Death is all around us. Loved ones are here, and then they are gone. Sometimes death arrives quickly, without warning. Sometimes it comes slowly, through long battles with sickness and suffering. As my church family lays two great men to rest this week, I have been reflecting on the following:
Why do Christians die?
- Death is the final outcome of living in a Fallen World. When sin entered the world, the world began a deterioration process with which human beings are afflicted. The natural outcome of deterioration is death. Death is the last enemy that will be destroyed, but until then it will have it’s fill of mankind.
- God uses the experience of death to complete our sanctification. Since believers have their sin debt paid by Jesus Christ, they do not have to pay any penalty for sins committed throughout their lives. Therefore, the experience of death is not seen as punishment, but rather as the next step. Throughout life, God works in believers to conform us more to Christ. At death, we experience the final work of conforming to Him.
- Our obedience to God is more important than preserving our own lives. If God uses the experience of a loved one’s death to deepen our trust in Him, then our highest goal as a Christian should be obedience, not life at all costs.
With those thoughts in mind, how should we think about our own death and the death of other Christians?
- Our own death should not be seen as something to fear, but rather as an occasion for joyful anticipation of being with Christ. To live is Christ, but to die is gain!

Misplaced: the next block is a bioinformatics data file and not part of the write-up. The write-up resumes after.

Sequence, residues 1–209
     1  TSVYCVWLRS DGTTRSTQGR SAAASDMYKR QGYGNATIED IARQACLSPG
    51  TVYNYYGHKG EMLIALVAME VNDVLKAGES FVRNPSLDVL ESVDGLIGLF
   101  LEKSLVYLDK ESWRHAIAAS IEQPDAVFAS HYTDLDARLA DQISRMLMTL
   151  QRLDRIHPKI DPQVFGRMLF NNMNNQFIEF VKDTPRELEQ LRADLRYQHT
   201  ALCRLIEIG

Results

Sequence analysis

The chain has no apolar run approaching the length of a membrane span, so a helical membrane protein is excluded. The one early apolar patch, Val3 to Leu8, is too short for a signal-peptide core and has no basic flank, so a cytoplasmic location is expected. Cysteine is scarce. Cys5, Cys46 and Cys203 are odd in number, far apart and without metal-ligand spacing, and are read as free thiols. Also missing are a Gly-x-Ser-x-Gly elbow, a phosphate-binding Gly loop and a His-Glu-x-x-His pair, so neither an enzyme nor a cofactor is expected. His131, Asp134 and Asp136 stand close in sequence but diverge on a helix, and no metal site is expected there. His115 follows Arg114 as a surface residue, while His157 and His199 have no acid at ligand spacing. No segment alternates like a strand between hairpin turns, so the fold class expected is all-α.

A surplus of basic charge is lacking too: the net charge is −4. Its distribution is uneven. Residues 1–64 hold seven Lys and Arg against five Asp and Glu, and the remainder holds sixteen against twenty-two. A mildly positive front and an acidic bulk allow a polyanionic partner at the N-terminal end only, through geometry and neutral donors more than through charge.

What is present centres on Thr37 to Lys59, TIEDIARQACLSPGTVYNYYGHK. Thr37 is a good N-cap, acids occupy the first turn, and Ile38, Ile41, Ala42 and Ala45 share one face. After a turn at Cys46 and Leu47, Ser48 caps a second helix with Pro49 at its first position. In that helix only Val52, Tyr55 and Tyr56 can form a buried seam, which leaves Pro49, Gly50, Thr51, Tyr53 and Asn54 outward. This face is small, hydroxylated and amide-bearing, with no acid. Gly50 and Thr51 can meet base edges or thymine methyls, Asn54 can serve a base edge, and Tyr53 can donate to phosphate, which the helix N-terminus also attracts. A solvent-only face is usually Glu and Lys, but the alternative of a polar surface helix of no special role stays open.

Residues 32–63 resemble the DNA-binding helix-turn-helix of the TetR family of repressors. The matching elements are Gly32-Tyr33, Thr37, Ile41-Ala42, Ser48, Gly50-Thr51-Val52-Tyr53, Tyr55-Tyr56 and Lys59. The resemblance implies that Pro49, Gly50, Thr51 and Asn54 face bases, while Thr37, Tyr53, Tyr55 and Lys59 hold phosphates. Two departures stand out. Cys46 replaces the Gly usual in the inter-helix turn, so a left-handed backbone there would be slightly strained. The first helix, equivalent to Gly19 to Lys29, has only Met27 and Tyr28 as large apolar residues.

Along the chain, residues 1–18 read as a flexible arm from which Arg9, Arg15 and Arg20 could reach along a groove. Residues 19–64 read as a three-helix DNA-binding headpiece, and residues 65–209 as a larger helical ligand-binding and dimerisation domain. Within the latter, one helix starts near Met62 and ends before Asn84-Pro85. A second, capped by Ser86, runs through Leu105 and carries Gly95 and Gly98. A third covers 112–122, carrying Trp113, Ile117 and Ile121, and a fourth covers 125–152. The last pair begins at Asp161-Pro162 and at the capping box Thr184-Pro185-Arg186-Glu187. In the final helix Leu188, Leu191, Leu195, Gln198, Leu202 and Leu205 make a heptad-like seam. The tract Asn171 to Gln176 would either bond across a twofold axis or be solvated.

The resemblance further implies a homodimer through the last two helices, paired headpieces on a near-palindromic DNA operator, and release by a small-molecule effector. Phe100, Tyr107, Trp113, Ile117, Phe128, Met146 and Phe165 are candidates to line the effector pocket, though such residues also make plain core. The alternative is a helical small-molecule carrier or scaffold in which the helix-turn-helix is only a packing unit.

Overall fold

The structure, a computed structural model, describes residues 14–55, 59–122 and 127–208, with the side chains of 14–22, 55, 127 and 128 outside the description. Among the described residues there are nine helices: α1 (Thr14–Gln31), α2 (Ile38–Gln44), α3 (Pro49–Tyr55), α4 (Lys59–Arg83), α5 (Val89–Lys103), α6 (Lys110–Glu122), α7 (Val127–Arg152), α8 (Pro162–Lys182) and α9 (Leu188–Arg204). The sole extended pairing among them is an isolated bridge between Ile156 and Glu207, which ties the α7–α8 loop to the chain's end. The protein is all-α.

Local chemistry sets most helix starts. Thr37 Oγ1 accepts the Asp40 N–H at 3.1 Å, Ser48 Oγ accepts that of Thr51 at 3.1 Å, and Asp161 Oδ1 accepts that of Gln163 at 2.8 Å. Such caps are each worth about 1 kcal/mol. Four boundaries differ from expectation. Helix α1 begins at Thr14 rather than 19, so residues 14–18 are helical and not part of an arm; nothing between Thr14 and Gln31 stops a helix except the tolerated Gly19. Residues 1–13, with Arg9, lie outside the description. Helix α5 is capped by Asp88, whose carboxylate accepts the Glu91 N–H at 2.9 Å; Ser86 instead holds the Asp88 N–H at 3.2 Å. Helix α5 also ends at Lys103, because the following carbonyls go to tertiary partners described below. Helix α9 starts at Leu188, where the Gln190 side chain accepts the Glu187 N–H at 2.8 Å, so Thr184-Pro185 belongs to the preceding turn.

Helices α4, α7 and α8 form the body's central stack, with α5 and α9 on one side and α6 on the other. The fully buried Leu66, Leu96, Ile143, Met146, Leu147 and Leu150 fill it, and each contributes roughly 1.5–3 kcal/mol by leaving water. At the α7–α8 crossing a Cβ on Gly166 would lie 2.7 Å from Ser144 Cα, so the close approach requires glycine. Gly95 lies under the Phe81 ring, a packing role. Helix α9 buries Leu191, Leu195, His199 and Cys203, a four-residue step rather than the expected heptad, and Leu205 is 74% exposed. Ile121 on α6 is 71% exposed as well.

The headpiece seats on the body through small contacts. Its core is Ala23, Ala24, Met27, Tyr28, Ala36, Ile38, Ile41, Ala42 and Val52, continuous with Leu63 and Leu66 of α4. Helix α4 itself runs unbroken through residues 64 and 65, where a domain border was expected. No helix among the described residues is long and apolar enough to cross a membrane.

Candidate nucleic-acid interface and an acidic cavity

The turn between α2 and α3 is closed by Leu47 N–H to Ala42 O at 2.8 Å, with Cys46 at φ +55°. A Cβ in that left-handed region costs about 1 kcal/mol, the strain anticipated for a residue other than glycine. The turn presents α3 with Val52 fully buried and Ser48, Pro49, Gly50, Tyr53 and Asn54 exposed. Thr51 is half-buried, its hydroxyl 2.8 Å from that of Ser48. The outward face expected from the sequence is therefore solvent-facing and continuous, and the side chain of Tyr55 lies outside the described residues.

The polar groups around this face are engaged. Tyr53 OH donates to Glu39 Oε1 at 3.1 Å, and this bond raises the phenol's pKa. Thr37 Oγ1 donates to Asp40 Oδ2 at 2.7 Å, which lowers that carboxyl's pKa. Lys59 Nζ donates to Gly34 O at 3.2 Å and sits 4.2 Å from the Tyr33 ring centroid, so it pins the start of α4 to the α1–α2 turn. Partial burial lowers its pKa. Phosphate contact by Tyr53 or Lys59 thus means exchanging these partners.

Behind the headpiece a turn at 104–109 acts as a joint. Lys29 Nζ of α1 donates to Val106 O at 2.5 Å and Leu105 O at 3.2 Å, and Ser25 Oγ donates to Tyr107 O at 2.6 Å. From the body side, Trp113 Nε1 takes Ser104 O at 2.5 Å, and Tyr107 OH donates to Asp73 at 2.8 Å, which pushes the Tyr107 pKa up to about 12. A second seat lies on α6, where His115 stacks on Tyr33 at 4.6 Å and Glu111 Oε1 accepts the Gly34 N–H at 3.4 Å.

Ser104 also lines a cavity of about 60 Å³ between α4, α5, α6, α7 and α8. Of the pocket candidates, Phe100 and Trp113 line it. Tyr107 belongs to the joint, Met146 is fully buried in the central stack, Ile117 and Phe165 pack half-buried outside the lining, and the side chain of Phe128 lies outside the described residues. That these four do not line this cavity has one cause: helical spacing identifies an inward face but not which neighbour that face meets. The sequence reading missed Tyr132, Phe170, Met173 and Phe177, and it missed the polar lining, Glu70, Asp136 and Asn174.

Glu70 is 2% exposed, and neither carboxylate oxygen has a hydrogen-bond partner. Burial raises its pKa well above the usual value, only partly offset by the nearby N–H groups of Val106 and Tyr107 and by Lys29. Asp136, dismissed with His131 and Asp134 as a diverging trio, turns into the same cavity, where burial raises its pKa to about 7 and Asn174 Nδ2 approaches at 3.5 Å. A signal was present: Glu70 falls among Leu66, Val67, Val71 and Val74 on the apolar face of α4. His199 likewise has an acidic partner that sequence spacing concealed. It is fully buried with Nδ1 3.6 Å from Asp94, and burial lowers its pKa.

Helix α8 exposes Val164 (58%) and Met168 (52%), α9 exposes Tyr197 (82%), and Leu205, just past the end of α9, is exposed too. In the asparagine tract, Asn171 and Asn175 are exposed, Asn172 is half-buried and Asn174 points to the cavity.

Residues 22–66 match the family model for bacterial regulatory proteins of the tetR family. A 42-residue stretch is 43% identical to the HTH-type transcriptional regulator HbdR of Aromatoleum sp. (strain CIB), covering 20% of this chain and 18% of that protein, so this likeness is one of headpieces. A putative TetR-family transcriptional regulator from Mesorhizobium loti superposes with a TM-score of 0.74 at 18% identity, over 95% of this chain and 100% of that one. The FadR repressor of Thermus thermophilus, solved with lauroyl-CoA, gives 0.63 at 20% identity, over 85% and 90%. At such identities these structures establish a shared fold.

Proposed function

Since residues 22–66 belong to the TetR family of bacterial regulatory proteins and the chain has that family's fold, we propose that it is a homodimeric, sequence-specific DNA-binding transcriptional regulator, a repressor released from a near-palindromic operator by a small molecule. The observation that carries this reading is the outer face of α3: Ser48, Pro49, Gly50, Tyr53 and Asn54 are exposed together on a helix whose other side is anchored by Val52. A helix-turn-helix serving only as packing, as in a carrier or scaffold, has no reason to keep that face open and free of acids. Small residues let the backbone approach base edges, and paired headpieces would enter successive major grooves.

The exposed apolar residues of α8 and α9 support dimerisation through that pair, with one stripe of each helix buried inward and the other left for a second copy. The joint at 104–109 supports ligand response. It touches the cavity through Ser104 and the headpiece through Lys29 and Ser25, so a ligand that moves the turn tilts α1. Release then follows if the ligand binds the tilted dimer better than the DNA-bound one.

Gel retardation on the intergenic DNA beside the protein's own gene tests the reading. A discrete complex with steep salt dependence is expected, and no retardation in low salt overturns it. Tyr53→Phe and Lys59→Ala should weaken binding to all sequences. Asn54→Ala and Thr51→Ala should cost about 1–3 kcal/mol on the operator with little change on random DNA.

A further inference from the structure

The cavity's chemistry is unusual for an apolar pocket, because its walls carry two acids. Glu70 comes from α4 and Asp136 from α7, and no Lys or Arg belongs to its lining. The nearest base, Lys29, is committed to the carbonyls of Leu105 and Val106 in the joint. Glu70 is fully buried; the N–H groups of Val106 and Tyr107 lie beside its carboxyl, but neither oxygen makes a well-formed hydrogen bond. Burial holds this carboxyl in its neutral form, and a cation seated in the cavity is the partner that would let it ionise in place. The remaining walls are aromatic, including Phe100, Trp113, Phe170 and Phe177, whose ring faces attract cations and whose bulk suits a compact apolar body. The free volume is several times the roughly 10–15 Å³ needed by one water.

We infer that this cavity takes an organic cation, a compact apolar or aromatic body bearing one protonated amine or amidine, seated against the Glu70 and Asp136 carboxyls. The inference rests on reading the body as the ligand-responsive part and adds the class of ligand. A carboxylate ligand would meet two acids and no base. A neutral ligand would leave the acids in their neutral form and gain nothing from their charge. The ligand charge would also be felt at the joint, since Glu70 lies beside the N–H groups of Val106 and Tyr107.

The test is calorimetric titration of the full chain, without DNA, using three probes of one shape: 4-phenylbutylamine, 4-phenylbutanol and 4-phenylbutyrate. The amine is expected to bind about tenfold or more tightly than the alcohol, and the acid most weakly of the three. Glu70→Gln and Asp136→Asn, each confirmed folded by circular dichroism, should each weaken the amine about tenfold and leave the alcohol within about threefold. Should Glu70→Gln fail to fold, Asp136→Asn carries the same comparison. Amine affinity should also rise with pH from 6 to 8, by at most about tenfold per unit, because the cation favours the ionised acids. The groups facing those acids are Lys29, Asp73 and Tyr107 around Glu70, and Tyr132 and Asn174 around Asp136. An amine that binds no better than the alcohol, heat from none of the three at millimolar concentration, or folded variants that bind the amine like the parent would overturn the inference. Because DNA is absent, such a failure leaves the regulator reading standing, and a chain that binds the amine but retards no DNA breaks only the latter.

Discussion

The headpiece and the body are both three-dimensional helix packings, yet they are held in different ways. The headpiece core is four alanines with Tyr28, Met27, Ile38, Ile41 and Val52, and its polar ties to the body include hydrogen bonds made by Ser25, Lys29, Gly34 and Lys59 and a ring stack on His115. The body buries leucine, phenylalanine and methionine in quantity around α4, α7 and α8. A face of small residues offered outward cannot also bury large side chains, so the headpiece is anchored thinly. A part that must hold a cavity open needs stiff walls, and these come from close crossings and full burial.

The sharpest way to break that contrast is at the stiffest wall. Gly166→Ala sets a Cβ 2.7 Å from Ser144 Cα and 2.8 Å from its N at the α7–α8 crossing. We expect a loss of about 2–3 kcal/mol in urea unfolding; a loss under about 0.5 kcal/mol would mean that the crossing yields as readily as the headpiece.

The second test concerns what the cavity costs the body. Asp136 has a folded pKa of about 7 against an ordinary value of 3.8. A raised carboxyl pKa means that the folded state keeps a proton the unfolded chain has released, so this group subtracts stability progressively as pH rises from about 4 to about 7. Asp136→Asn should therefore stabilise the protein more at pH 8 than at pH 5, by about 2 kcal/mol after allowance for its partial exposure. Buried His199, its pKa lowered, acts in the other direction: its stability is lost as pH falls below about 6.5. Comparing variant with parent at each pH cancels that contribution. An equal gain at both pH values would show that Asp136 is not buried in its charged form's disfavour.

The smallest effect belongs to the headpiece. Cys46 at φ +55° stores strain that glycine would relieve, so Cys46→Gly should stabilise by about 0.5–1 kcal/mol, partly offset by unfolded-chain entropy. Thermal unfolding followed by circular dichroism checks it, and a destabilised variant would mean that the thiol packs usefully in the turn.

- Death of Christian friends and relatives will always be met with sorrow for losing someone dear. But, mixed with sorrow should always be rejoicing. Rejoicing that their sanctification is complete, and for them there is no more “laying aside the old self and putting on the new self (Col. 3:9-10). They are now made complete in conforming to the Lord Jesus Christ.
- In light of this truth, as Christians, I suggest we stop using phrases such as, “He lost his battle with ________.” When a believer in translated into Heaven, he has lost nothing and won everything!
- We should also stop saying, “Heaven gained another angel.” Heaven already has enough angels and when a believer enters, he enters as a son, not a servant!
What about the death of unbelievers?
- Death of unbelievers is a truly sorrowful and tragic event. Although, we do not know what kind of work the Lord does in the heart of unbelievers at the 11th hour, without evidence, we should not give false hope and undermine others need for Christ by proclaiming the dead persons entrance into heaven.
- In the time leading up to death (which begins at birth), Christians should be about the business of sharing the gospel. We should take every opportunity to make the good news of Jesus Christ known to a lost world. There is no other way out. Jesus gave his life so save sinners, which encompasses every person ever born.
- Everyone is born once, physically. But, spiritually, one must be born again (John 3:3). Without this second birth, a person will experience death twice – one physical and one spiritual. But he who is born again will only taste physical death. “Born once, die twice. Born twice, die once.”